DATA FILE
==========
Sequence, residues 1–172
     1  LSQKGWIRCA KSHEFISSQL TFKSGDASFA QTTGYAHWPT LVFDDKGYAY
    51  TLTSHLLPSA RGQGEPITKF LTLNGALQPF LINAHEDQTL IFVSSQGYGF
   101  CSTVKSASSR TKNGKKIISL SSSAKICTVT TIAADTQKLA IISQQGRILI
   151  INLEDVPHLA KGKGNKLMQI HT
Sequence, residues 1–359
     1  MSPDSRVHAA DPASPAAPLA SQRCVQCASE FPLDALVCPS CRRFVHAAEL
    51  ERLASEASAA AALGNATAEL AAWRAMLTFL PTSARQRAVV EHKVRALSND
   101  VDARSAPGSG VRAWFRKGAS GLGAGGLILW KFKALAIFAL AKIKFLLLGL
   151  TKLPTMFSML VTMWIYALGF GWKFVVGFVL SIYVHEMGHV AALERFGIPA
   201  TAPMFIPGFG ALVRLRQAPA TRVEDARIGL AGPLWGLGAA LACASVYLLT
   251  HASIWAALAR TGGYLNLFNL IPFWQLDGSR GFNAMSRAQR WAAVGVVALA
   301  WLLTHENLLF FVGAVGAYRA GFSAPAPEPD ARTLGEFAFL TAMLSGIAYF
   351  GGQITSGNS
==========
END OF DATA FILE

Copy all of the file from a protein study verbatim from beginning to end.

Sequence, residues 1–172
     1  LSQKGWIRCA KSHEFISSQL TFKSGDASFA QTTGYAHWPT LVFDDKGYAY
    51  TLTSHLLPSA RGQGEPITKF LTLNGALQPF LINAHEDQTL IFVSSQGYGF
   101  CSTVKSASSR TKNGKKIISL SSSAKICTVT TIAADTQKLA IISQQGRILI
   151  INLEDVPHLA KGKGNKLMQI HT
Sequence, residues 1–359
     1  MSPDSRVHAA DPASPAAPLA SQRCVQCASE FPLDALVCPS CRRFVHAAEL
    51  ERLASEASAA AALGNATAEL AAWRAMLTFL PTSARQRAVV EHKVRALSND
   101  VDARSAPGSG VRAWFRKGAS GLGAGGLILW KFKALAIFAL AKIKFLLLGL
   151  TKLPTMFSML VTMWIYALGF GWKFVVGFVL SIYVHEMGHV AALERFGIPA
   201  TAPMFIPGFG ALVRLRQAPA TRVEDARIGL AGPLWGLGAA LACASVYLLT
   251  HASIWAALAR TGGYLNLFNL IPFWQLDGSR GFNAMSRAQR WAAVGVVALA
   301  WLLTHENLLF FVGAVGAYRA GFSAPAPEPD ARTLGEFAFL TAMLSGIAYF
   351  GGQITSGNS